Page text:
Glencore suspends Queensland coal project: Glencore, the world’s largest exporter of thermal coal, has announced it has suspended work on gaining approval for the proposed Valeria thermal coal mine in Queensland due to “increased global uncertainty.” The company had initially proposed producing up to 20 million tonnes of thermal and metallurgical coal per year with an estimated lifespan of 37 years. The project, which was first proposed in early 2020, is one of 16 coal projects under review by the Federal Minister for Environment, Tanya Plibersek. Lock the Gate, an NGO that campaigned against the project, estimated coal from the mine would have contributed over 1.2 billion tonnes of carbon dioxide over the mine’s life. The company had proposed the mine would comprise six open-cut pits extending over 10,000 hectares of land, including clearing forests, critical koala habitat and wetlands. (ABC News, Lock the Gate)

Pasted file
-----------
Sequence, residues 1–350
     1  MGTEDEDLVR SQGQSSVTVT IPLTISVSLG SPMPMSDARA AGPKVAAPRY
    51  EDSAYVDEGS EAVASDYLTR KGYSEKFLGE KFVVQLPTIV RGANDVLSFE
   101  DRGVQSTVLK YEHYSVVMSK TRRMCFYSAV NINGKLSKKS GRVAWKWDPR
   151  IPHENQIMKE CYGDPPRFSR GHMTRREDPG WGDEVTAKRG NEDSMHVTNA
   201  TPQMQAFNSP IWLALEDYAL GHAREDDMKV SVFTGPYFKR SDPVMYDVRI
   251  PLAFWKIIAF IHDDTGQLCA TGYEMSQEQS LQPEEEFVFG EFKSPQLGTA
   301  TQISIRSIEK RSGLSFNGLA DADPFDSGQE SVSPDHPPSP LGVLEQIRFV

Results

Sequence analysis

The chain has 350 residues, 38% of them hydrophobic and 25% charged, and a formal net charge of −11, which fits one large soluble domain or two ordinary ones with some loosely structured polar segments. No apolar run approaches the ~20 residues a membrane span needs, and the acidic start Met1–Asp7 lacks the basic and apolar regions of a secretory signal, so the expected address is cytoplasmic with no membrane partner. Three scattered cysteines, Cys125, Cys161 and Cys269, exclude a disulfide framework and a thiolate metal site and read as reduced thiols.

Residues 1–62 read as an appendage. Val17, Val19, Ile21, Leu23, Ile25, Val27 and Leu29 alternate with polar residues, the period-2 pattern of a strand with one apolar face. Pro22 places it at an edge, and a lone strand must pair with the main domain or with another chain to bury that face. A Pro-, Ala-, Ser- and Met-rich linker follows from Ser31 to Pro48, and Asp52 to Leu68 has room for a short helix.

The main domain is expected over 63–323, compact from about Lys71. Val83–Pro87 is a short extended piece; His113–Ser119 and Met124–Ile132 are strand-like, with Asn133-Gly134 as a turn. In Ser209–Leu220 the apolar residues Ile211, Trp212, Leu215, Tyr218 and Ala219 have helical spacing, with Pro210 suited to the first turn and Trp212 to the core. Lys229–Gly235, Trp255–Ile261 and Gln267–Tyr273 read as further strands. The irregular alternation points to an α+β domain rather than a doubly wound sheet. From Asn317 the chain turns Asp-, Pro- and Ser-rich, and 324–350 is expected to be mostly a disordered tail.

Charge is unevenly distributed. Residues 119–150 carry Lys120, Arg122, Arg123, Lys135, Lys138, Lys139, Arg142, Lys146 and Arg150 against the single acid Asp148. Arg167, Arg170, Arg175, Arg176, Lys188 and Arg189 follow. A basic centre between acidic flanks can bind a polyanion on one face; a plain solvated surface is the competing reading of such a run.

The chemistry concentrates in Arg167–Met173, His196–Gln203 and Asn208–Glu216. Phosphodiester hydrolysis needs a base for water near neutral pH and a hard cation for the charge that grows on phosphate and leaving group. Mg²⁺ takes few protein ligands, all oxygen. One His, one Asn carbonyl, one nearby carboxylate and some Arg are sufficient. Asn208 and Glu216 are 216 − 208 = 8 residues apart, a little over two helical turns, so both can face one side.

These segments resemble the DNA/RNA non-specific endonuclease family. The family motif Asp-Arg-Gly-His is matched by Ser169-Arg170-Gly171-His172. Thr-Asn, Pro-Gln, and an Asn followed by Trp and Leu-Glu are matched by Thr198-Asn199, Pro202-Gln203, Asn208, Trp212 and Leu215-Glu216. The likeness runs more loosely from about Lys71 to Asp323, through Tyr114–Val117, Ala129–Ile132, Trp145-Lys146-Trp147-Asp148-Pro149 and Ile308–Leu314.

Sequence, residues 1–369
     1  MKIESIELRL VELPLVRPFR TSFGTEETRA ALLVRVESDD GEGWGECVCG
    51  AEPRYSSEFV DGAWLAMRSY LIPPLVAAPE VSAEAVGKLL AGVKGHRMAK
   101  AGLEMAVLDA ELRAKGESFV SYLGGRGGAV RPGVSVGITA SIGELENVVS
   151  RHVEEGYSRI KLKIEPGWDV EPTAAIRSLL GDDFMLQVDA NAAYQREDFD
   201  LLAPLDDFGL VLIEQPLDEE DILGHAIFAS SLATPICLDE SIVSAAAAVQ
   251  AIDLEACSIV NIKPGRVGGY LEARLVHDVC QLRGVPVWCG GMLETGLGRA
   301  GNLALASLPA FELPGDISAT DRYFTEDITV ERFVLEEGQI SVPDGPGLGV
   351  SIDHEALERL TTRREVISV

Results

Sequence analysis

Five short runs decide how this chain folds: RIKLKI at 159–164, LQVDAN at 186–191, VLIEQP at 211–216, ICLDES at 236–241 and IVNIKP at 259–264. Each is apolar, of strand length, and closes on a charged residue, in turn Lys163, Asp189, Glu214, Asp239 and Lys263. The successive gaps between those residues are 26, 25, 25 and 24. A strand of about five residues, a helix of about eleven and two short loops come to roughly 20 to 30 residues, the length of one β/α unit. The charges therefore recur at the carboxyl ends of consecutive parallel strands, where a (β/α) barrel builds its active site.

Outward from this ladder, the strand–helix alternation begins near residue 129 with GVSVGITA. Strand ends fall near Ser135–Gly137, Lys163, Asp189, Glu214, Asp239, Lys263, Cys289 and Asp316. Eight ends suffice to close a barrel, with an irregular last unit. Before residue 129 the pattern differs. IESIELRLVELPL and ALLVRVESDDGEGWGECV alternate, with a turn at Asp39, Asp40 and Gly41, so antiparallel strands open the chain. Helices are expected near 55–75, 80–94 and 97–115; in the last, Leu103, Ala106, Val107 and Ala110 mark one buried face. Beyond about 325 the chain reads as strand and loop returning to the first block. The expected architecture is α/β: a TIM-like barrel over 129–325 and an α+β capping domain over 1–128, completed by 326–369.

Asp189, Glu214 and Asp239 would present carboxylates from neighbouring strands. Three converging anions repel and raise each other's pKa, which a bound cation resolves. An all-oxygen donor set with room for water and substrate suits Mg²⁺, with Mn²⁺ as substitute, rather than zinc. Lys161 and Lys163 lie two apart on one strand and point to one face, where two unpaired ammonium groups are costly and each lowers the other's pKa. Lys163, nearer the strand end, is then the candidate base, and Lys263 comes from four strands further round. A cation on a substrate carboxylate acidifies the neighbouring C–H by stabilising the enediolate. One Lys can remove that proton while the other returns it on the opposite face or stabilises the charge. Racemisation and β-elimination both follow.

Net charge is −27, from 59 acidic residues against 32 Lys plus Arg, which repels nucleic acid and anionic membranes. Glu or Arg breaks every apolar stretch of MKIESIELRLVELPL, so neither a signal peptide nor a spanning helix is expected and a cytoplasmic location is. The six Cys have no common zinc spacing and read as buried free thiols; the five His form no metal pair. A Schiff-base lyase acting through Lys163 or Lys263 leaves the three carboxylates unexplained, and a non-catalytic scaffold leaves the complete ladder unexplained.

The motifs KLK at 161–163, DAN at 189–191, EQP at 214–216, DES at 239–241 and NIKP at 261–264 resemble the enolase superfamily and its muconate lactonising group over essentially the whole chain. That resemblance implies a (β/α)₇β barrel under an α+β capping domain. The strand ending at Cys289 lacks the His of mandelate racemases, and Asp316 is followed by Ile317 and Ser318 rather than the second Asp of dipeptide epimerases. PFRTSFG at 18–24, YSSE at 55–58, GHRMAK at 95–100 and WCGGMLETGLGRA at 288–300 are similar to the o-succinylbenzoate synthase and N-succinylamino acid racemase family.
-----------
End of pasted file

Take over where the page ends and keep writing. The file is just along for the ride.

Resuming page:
Legal action against German state government over mercury pollution: Environmental Action Germany and ClientEarth have launched legal action against North Rhine-Westphalia over the failure to protect waters in the state from mercury pollution. The groups argue that mercury levels in most fish samples collected in the state are over twice the legal limit, with coal plants some of the worst polluters. A recent briefing from the European Environmental Bureau (EEB) and ClientEarth found that excessive use of exemptions from the European Union’s Water Framework Directive has resulted in two-thirds of Europe’s rivers and lakes being in poor condition. The EEB report found that of the top 10 emitters of mercury to air, nine are lignite plants in Poland, Germany, Czechia and Bulgaria. Environmental Action Germany estimates that emissions could be reduced by up to 82 per cent through the installation of filtering systems. It estimates this would increase annual operating costs for coal units in North Rhine-Westphalia by a maximum of two per cent. The legal action requests the Higher Administrative Court of North Rhine-Westphalia to require the state government to develop an effective programme of measures to achieve the objectives of the Water Framework Directive. (ClientEarth, European Environment Bureau [Pdf])